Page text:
Frank Did It First!

Frank Lloyd Wright, Graycliff Estate, 1926-31. Photo by Joseph Caserto.

Today we take for granted the idea of see-through houses, especially in reno-crazy Toronto, where evening strolls through this city’s older residential areas reveal (literally) the current fashion for open concept interiors framed by large windows on front and back facades.

Mies van der Rohe, Farnsworth House, 1945-51. Source

Philip Johnson, The Glass House, 1949. Source

Look up “glass house” in any history of modern architecture and you’ll find Mies van der Rohe’s Farnsworth House in Plano, Illinois (1946-51) and Philip Johnson’s Glass House in New Canaan, Connecticut (1949) both sited as the iconic examples of the glass wall concept taken to its outer limits.

Frank Lloyd Wright, Graycliff Estate.  Patrick J. Mahoney/Graycliff

Yet almost two decades prior, Frank Lloyd Wright was creating an early version of the glass curtain wall at Graycliff, a summer estate on Lake Erie in upstate New York. Graycliff was commissioned for Isabelle Martin, wife of prominent Buffalo industrialist Darwin Martin, for whom Wright had built a home in 1905.

Yours truly with my traveling pal, Maria, at the Darwin Martin House in Buffalo.

Frank Lloyd Wright, Darwin Martin House. Source

The Darwin D. Martin House in Buffalo, once abandoned, is now beautifully restored, and is considered a key example of Wright’s Prairie House style. Graycliff, while never completely abandoned, did suffer from ungainly alterations after it was sold by the Martin’s heirs, and might have been torn down and replaced by condominiums (egad!) in the late 1990s, were it not for the formation of the Graycliff Conservancy, a not-for-profit organization that undertook the restoration of the house and grounds.

Frank Lloyd Wright, Graycliff Estate, 1926-31. Photo by Chuck Last

The removal of obscuring walls put up by previous owners brought Wright’s original vision to light again. Always keen to integrate nature and structure, at Graycliff Wright took advantage of the secluded setting, where privacy was less of an issue than in town. Both the front and lake-facing facades feature parallel banks of tall windows, so that as you approach you can see through the house to the lake beyond.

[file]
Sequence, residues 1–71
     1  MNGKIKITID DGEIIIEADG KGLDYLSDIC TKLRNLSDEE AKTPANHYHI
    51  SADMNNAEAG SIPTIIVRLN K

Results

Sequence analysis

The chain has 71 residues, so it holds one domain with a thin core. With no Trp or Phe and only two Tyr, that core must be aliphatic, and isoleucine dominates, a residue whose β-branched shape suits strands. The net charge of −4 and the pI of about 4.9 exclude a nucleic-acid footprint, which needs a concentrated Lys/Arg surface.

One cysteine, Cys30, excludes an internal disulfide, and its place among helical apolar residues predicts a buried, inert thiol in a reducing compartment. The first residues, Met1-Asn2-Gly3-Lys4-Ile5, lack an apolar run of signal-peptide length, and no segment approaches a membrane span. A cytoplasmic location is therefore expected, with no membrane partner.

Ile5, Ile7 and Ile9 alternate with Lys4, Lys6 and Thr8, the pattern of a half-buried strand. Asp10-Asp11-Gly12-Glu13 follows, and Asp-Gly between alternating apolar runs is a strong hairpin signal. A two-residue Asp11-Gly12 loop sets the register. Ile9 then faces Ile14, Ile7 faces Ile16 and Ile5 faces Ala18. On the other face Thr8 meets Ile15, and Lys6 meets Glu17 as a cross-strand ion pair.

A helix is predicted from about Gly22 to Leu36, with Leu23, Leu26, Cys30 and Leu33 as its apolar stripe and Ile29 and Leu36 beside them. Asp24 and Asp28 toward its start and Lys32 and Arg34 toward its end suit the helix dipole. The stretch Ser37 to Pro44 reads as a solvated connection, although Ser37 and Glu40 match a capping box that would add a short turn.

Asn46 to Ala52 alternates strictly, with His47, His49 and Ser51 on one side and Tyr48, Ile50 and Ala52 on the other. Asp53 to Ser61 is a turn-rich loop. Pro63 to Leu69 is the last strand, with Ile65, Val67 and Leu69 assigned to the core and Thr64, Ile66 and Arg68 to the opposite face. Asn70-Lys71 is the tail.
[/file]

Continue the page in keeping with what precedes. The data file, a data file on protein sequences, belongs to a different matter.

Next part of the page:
Frank Lloyd Wright, windows at Graycliff (left) and Fallingwater (right)

The barely there division between windows in Graycliff's sun room anticipates fenestration treatments in Wright’s landmark of “Organic Architecture”, Fallingwater, begun only five years after the completion of Graycliff in 1931.

Another feature that prefigures Fallingwater is the extensive use of locally-sourced stone, which in the case of Graycliff was a limestone rich with pyrite that gave the stones a tone resembling Wright's beloved “Cherokee Red”. Along with the brick-coloured roof, copper window screens and wooden floors and trim, these warm tones complement the cool palette of trees, sky and water.

Frank Lloyd Wright, Graycliff Estate. Source

Wright also designed a lovely asymmetrical pond feature, later drained by Mrs. Martin, who, strangely for a person summering beside a lake, was nervous around water. Fortunately it’s been brought back to its former glory, using the estate’s original plans.

Sun porch at Graycliff. Source

The restoration of Graycliff is still a work in progress, as some rooms still need furniture, and the ceiling was being repaired when we visited in August 2015. But it’s still well worth seeing how the visionary Frank Lloyd Wright anticipated our current craze for natural light.

The Graycliff Estate

The Organic Beauty of Frank Lloyd Wright's Graycliff by Patrick Sisson